Tuesday, August 05, 2008

Economy Model: European vs American

After reading Europeans may not be so lazy after all, I was thinking may be finally now somebody gets it. I lived in US for a while and moved to EU. and personal i can experience the difference in quality of life.

If you measure a good economy by the pay check, then american 25% richer per capita than Europeans. But if you measure wealth by quality of life, then the EU 15 passed up America at least 10 years ago in some areas. America has the best graduate schools in the world -- though there are some good ones in Europe -- but on the elementary and secondary level, students in 18 European countries performed better than American students in mathematics. America is the only industrialized country other than South Africa that doesn't offer its citizens universal healthcare -- american got 45 million people uninsured and have fewer doctors per capita. The EU 15 population lives a year longer than Americans and EU have a much lower infant mortality because they have less poverty. Europe does have serious poverty and you do see it, but it's not as bad as in the US, where one out of four kids lives below the poverty line. When it comes to leisure time, Americans get an average of 5 to 10 days off a year while Europeans get or to six weeks off as a right mandated by law. Americans often say the Europeans are not as productive, but the OECD figures show that from the late 50s to mid 90s, the EU 15 countries had higher growth in productivity per hour almost every year.

European Union is the largest exporter in the world -- it's ahead of United States and China. That will shock a lot of people. Europe's largest exporter, Germany, sells more goods abroad than either the US or China, and that's only one EU country. Europe is the largest internal market in the world; 61 of the world's largest 140 companies are based there. It dominates in banking and insurance, aerospace with Airbus, engineering, construction, and the chemical and food sectors. America leads in some pretty big industries, too--pharmaceuticals, automobile manufacturing, software and telecoms- but to say US is big economic giant and Europe's falling apart..is ignorant statement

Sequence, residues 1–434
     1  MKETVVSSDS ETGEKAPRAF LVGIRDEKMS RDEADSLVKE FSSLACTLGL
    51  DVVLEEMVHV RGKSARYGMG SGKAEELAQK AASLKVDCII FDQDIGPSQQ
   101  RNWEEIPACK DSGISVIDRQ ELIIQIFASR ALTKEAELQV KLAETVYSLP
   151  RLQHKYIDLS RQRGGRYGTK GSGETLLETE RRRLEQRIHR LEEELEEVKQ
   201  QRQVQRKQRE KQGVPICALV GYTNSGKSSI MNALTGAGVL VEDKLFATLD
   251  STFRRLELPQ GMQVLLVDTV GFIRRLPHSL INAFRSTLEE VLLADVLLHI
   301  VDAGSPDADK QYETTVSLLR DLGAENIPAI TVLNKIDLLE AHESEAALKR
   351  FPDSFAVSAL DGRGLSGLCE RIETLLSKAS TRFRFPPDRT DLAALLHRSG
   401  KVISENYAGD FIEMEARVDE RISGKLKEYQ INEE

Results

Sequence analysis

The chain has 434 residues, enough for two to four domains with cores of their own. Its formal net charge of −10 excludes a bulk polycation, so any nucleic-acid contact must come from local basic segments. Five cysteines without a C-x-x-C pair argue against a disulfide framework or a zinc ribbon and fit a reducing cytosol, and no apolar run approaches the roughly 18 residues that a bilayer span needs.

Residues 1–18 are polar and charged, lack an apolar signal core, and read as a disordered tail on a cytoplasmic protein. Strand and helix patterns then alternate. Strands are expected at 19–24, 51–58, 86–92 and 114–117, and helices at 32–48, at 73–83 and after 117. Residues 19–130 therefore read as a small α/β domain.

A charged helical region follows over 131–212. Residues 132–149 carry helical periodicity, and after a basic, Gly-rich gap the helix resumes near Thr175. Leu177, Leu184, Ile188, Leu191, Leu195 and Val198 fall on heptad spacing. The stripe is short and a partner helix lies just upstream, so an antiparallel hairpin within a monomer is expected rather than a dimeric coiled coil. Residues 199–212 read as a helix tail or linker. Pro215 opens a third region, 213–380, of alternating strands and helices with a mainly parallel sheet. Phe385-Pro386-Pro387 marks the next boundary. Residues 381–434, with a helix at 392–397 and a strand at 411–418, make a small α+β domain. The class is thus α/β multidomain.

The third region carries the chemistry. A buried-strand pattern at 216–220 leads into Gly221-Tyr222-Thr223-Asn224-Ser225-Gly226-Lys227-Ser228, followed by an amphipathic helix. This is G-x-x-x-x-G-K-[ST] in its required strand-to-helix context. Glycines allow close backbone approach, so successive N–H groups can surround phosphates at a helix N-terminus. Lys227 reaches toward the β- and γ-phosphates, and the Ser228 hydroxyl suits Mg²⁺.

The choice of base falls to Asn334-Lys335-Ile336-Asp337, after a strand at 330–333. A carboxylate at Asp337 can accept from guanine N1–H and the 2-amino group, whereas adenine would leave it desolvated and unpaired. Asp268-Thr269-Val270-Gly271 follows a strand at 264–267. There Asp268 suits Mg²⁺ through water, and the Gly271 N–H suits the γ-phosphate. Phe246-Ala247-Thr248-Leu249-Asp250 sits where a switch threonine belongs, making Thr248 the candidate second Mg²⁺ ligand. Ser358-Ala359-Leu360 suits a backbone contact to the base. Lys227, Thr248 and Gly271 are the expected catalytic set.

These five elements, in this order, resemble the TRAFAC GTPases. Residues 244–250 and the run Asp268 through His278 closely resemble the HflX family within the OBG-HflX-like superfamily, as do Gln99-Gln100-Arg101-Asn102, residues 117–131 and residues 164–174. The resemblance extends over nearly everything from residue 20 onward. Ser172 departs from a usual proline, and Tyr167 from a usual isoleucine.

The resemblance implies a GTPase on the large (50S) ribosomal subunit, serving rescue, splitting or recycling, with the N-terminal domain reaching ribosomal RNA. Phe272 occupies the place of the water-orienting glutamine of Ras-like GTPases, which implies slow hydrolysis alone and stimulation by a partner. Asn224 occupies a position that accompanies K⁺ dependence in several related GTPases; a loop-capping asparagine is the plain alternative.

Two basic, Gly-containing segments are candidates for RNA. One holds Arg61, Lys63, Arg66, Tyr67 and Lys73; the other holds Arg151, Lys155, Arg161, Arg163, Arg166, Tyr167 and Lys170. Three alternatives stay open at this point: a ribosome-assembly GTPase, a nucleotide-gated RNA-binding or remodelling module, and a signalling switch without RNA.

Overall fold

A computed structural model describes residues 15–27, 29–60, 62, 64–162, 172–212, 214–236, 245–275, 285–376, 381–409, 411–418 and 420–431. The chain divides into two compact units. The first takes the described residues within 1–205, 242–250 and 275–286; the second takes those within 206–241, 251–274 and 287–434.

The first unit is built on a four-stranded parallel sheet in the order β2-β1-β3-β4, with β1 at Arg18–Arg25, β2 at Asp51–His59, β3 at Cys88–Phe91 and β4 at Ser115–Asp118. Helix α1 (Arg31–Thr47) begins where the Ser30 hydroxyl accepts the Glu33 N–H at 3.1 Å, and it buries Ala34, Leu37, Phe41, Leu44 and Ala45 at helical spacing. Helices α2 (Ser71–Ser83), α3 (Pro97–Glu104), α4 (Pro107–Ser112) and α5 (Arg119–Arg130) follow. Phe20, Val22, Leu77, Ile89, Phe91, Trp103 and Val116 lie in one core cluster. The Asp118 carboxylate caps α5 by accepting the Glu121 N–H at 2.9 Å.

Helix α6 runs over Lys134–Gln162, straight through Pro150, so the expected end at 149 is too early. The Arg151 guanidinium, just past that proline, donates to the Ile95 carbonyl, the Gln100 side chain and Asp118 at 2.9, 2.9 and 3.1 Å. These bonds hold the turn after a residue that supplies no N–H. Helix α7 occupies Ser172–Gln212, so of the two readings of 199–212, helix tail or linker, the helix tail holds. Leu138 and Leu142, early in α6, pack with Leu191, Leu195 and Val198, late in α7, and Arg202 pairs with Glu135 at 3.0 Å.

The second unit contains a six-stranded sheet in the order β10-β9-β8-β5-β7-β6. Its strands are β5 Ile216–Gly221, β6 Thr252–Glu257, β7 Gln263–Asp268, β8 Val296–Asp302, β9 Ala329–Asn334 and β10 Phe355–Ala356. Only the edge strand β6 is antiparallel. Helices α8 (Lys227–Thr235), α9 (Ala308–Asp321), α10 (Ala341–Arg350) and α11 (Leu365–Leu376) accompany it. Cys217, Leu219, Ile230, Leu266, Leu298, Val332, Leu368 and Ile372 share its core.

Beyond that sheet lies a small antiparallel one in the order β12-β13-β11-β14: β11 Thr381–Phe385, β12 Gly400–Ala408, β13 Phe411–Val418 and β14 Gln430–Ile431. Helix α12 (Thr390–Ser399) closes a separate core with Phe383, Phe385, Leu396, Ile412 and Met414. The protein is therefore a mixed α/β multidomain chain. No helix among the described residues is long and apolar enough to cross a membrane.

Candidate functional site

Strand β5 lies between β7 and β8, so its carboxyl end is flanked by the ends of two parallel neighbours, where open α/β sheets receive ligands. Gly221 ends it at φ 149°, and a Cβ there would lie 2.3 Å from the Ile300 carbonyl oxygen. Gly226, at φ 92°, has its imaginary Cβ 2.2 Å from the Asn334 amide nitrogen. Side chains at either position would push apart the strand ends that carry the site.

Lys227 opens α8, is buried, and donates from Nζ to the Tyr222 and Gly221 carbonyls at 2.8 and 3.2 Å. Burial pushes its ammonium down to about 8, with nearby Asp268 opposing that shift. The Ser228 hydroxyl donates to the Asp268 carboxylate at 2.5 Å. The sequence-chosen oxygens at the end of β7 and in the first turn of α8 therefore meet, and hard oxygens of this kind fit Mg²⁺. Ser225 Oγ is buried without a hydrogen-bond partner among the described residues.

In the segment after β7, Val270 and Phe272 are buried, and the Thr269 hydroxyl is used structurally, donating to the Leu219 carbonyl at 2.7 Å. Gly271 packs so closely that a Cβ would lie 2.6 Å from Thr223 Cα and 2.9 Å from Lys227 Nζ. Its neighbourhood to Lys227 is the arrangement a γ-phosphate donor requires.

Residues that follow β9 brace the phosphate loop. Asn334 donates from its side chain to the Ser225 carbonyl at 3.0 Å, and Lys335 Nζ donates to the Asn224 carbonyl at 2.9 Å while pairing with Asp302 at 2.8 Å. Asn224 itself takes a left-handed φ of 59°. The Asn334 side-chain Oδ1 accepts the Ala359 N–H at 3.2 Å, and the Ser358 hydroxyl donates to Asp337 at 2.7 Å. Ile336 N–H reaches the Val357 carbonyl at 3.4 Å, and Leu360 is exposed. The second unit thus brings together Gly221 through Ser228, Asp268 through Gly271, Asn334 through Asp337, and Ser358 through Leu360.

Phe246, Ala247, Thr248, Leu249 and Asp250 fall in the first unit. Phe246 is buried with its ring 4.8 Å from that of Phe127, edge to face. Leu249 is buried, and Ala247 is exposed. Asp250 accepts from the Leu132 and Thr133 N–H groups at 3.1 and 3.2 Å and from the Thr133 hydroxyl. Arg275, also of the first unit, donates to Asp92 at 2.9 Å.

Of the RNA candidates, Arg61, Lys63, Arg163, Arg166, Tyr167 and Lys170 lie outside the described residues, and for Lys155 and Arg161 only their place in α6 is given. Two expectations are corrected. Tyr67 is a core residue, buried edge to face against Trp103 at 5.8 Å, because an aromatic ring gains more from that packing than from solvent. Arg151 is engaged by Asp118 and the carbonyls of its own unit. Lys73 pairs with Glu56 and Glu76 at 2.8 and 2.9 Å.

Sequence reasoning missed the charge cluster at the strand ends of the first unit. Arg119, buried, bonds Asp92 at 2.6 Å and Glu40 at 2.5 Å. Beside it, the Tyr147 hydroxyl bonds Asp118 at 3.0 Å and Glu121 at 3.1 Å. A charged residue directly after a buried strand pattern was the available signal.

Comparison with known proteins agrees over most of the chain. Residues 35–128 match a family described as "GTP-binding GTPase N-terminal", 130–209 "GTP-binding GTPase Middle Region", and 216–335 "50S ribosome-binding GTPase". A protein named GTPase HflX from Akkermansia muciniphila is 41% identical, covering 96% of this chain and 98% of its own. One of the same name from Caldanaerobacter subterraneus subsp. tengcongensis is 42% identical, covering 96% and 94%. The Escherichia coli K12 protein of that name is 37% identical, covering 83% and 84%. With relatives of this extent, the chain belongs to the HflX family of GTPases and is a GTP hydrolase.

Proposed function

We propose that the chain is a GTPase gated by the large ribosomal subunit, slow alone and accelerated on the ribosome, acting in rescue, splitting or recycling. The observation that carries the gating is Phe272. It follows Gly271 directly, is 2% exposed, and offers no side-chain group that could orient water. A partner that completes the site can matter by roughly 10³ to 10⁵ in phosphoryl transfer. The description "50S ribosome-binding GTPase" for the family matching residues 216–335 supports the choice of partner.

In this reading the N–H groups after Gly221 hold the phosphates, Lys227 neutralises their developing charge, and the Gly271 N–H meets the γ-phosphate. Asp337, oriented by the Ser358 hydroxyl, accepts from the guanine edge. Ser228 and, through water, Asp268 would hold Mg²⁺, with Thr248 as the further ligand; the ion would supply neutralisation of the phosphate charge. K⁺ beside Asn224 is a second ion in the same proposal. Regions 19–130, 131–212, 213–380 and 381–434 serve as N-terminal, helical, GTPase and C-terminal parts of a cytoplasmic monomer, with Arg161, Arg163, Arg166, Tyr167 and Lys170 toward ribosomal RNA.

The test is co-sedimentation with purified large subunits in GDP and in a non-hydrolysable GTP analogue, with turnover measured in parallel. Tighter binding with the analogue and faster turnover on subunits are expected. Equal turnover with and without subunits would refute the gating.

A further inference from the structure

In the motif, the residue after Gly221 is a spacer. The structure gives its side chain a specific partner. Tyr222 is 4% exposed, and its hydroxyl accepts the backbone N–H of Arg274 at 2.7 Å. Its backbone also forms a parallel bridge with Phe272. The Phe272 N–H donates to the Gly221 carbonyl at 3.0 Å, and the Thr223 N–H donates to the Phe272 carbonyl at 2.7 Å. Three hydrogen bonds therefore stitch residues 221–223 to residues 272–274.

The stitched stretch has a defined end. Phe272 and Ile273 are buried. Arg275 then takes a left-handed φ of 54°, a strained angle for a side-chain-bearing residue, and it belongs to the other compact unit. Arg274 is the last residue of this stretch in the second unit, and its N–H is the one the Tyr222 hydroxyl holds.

If Europe is so moribund and America so economically strong, why is the dollar continuing to devalue against the euro? It's because the investment community says economic fundamentals are sound enough to guarantee payoff. this is what you'll get if you go with the American model. You'll get a winner takes it all system, a greater disparity in income, you'll have increased poverty. You'll get debt for your family. The only other country that has really followed american system is Britain, and it now has the worst consumer debt ratio in the world-- an achievement it has accomplished in just five years. The average Brit spends 120 percent of his or her income.

If you look at the American economy in a detached way, there's no doubt that the unfettered market produces some innovation and growth. But the truth is that the recent economic growth seen in the US has been, in large part, the result of a massive increase in consumer debt. The US came out of the 1989-92 recession by issuing credit cards. went on a huge credit binge and basically kept the American economy and the whole global economy afloat on consumer credit and American consumers continuing to buy. The cost of this was the depletion of the family savings rates of millions of Americans -- we had an 8 percent family savings rate in 1990 and it's in almost in below zero(-ve) today.

But there is no positive correlation between eliminating all your social programs and a positive economy -- there's only a negative correlation. If you eliminate the social benefits, you get negative GDP -- more crime, more prisons, deteriorating healthcare, deteriorating infrastructure and greater pollution. A lot of the European countries and their social programs are too paternalistic and they need to be streamlined the way the Scandinavians have done it. Indeed, the economic successes of the Scandinavians have shown that you don't have to eliminate your social net in order to grow your economy -- you can also find growth by streamlining the net.

There needs to be a balance between personal accountability and social solidarity. You can't be so dependent on the state that you no longer have any initiative. And you can't be so abandoned by society that you're all on your own and there's no helping each other.

Europe(certainly Asia/Africa/Latam can start trying) shouldn't look to adopt the American free-market capitalist system or to preserve the lavish social net that exists in countries like Germany and France is the wrong one. Instead, Europe should be looking for a third way -- and Scandinavia provides a good model.

1 comment:

Anonymous said...

Very interesting analysis and opinion, I agree on most points, but am rather more critic with the "European model" and think that the need of following the Scandinavian one is becoming quite urgent (instead of continuing the current ones).